Business Rates: Don't pull the Woolway over your eyes

13 August 2015

A recent Supreme Court decision on business rates had the RPC Real Estate team talking, and not just because it related to our second & sixth floor neighbours, Mazars.

The case of Woolway v Mazars[1] is being hailed as a landmark case for the future of business rates in England & Wales, and will also have a major impact on the Valuation Office rating list.

What are business rates though? Effectively, they're council tax for commercial property. Rates are calculated by the Valuation Office, who work out the rateable value of your property (broadly speaking, the open market annual rent) and multiply it by a standard multiplier. The rateable values are then added to a list for businesses to compare their own rateable values with.

In the case of Mazars, the Supreme Court considered whether Mazars' occupation of two separate floors of Tower Bridge House in St Katharine Docks should be entered into the rating list as separate hereditaments or a single hereditament. If entered as a single hereditament, Mazars could make a significant saving on the business rates it paid.

The case has rattled on for five years, making its way through four courts, three of which ruled it was a single hereditament. Unfortunately for Mazars, in the decision that really mattered, the Supreme Court deemed it to be separate hereditaments.

In its decision, the Court dismissed the previous leading English case on hereditaments, Gilbert v Hickinbottom[2] as "unsatisfactory", and instead opted to follow the more logical steps taken by our Scottish neighbours.

The Court looked at three principles in deciding whether the occupation of separate floors constitutes a single hereditament:

  1. Geography
  2. Functionality
  3. Enjoyment

Reviewing the geography of the tenancy, the panel considered that Mazars would have to leave the confines of their tenancy and use the lifts or stairs in the common parts (whilst trying to avoid an inevitable static shock from the Tower Bridge House lifts!) to move from one level to the other. They deemed this the same as leaving a building and re-entering another, which would undeniably be considered separate hereditaments.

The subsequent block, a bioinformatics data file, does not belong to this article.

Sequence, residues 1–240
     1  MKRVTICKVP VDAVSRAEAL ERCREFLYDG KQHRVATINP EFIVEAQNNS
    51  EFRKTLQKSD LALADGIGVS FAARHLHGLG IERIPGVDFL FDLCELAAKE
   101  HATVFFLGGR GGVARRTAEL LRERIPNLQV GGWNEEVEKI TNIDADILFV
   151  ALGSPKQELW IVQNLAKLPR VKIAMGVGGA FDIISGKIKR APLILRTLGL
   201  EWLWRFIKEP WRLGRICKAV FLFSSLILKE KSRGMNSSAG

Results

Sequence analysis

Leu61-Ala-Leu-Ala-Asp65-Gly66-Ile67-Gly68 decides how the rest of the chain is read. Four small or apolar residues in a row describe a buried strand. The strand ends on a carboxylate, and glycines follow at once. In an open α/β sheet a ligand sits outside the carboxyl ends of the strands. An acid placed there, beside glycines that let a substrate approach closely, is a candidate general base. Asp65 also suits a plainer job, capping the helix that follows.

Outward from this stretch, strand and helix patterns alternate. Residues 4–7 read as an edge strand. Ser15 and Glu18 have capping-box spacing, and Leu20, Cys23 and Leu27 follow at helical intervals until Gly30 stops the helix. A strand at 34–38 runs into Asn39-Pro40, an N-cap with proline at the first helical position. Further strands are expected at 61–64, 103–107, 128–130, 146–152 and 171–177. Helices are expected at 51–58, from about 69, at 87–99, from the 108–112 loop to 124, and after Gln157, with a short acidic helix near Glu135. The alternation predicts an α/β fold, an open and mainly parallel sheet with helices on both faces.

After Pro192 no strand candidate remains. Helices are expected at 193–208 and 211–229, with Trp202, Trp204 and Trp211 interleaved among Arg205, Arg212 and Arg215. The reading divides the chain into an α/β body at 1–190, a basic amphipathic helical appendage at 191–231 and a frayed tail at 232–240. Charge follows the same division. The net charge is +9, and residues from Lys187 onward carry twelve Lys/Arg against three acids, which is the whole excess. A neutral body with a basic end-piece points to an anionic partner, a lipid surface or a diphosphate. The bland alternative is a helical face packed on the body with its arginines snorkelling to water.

However the Court didn't completely rule out it being a single hereditament just because it didn't fit the geographical test. Instead, it also considered the functionality of the space― was the use of one floor necessary for the enjoyment of the other?

The Court defined the phrase "enjoyment" used in the functionality test as being dependent on the objectively ascertainable character of the property, not the business needs of the ratepayer. In Mazars' case, neither the functionality nor the enjoyment test were found to be applicable to the facts, and it wasn't considered a single hereditament.

But in reality, what does this all mean for ratepayers? Well the key issue for Mazars, and any other ratepayers in a similar position, is that with a tenancy over separate floors now considered as separate hereditaments, they may receive a reduced discount on any business rates paid. And for future tenants (and their lawyers) it provides another consideration to think about when reviewing the potential costs of a tenancy. 

[1] Woolway v Mazars [2015] UKSC 53

[2] Gilbert v Hickinbottom [1956] 2 QB 40

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